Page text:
Monday, January 25, 2016

7 Scandalous Weird Old Things About the C Preprocessor

Robert Elder (via Peter Steinberger):

Bjarne Stroustrup even points out that the standard isn’t clear about what should happen in function macro recursion[1]. With reference to a specific example he says “The question is whether the use of NIL in the last line of this sequence qualifies for non-replacement under the cited text. If it does, the result will be NIL(42). If it does not, the result will be simply 42.”. In 2004, a decision was made to leave the standard in its ambiguous state: “The committee’s decision was that no realistic programs “in the wild” would venture into this area, and trying to reduce the uncertainties is not worth the risk of changing conformance status of implementations or programs.”


Many languages are first tokenized, and then the list of tokens doesn’t change throughout further processing of the program. In the C preprocessor, new tokens can be created at run time! This makes it impossible to build a parse tree ahead of time because you don’t know what tokens would be included in the final tree.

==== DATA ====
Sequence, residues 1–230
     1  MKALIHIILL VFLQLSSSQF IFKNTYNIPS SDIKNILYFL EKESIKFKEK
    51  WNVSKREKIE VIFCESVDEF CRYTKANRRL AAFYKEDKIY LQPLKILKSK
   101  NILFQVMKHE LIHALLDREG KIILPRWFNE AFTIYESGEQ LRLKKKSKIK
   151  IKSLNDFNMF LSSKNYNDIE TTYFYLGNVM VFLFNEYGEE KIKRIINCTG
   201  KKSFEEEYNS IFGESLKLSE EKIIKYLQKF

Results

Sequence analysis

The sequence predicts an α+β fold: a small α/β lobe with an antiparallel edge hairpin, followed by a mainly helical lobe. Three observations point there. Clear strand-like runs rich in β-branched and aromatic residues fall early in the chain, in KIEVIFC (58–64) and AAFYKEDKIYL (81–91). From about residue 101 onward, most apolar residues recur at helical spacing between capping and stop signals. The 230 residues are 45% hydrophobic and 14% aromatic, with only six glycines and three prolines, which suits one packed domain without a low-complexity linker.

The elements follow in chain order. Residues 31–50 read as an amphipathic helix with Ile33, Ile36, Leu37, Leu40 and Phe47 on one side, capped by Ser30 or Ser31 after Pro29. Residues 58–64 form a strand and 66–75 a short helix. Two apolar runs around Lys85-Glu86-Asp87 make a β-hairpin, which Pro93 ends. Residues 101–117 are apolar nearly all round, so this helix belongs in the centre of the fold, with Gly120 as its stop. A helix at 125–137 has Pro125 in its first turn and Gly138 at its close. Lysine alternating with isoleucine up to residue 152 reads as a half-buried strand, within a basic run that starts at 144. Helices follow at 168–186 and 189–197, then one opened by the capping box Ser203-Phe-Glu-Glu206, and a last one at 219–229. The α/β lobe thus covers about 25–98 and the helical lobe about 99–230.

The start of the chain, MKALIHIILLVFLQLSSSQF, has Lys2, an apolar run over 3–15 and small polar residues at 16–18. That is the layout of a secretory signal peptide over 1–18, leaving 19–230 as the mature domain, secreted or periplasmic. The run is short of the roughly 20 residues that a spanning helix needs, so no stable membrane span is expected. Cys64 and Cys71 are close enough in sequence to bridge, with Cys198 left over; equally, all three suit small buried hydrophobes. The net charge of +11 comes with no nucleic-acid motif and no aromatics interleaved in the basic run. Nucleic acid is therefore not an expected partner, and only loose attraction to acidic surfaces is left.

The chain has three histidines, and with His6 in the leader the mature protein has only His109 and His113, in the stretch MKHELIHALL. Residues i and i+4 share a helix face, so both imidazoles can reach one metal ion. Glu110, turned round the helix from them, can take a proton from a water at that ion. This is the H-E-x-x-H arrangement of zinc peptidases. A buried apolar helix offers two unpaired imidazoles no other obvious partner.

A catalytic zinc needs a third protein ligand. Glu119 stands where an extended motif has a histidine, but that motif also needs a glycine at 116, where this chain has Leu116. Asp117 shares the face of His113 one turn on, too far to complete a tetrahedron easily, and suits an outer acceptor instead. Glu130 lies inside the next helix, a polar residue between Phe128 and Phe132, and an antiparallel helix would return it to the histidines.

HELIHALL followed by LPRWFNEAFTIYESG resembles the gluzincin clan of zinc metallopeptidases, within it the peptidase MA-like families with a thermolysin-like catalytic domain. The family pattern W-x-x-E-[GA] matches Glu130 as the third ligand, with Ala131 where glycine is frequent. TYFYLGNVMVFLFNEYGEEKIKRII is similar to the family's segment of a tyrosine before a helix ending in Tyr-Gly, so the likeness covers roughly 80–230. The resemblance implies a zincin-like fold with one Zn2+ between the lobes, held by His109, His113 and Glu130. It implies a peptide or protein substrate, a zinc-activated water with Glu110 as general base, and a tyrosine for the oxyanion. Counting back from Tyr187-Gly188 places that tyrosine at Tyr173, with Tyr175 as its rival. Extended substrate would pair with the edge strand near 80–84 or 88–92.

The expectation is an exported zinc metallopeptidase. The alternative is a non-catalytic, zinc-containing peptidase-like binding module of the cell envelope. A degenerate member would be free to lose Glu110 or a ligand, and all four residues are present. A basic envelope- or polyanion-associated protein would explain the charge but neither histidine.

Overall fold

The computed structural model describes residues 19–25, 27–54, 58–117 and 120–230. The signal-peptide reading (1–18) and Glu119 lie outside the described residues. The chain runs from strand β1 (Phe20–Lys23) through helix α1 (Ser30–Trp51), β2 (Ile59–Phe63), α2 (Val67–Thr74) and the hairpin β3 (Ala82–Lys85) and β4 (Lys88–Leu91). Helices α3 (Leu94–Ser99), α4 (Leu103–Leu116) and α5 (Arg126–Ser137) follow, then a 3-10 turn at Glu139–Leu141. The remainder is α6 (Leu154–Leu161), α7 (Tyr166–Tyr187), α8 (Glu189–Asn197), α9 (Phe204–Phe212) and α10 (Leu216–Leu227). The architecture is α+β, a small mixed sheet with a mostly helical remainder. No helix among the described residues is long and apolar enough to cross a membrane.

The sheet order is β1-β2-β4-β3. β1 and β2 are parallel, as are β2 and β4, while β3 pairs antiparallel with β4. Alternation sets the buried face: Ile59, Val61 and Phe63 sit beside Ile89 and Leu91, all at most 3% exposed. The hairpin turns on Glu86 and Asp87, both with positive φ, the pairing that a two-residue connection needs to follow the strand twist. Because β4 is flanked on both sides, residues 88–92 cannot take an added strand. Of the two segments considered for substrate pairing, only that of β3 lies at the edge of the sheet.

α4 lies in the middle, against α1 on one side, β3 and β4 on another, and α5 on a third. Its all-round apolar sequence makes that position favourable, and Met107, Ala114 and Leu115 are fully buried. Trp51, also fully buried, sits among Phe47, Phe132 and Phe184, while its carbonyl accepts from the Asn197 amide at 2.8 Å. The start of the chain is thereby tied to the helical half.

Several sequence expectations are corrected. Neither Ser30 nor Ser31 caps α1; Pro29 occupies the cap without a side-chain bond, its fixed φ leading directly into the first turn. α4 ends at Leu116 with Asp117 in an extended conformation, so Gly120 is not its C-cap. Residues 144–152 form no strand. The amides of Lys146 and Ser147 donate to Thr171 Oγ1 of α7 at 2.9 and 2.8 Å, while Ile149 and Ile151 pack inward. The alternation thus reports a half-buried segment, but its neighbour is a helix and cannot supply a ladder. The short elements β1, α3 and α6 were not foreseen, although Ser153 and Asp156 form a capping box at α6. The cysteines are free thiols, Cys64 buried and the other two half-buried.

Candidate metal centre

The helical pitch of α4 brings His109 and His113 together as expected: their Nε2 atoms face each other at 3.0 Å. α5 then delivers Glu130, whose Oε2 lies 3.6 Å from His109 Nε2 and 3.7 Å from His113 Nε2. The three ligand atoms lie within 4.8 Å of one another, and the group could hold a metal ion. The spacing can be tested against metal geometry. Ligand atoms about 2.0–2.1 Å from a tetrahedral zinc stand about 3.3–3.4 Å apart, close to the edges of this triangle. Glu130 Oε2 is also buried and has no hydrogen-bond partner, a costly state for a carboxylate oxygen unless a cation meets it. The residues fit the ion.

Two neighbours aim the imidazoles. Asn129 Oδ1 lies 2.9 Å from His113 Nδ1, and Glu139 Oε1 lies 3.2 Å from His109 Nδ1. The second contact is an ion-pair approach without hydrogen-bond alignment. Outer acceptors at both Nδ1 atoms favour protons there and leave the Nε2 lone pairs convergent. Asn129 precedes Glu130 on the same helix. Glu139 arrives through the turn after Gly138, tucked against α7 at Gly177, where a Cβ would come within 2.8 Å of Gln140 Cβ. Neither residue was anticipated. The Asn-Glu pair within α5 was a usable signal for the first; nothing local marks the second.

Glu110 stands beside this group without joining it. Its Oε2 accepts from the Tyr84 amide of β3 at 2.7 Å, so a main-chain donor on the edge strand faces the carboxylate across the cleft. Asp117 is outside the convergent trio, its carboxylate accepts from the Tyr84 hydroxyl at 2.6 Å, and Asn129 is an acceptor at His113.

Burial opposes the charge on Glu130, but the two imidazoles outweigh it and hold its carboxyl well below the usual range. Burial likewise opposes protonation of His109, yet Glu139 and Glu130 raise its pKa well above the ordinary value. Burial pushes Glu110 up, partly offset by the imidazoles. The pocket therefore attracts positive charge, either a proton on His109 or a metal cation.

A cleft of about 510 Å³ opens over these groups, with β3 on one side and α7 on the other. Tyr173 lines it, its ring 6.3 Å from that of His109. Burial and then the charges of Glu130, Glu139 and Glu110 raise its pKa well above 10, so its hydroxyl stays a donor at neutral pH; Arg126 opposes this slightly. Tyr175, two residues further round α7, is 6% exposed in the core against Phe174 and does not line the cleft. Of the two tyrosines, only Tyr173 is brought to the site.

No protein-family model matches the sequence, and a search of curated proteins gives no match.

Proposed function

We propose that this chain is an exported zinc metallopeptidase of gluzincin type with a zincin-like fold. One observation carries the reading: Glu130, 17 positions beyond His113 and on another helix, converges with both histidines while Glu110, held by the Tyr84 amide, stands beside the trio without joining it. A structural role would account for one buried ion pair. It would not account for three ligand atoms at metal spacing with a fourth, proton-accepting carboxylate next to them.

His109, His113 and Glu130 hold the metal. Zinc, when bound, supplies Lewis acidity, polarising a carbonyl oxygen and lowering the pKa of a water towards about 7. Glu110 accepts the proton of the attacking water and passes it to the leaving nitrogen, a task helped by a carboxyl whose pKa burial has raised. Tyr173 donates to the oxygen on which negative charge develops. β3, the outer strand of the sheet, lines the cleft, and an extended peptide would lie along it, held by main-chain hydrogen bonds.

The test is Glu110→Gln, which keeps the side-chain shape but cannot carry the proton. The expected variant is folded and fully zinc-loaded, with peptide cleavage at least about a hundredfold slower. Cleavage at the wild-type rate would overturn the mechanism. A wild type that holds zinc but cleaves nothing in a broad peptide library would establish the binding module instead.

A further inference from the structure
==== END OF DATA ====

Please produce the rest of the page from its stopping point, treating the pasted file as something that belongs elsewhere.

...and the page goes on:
In general, when evaluating a function macro body, you need to consider both the pre-expanded version of the arguments, and the untouched tokens that were passed for that argument. This behaviour is unlike how C arguments and functions are evaluated, because in C you can always replace an argument that’s described by an expression with the result of that expression and have the same meaning (ignoring any side effects).

He also mentions handling of whitespace, which is confusing and also buggy in Clang.

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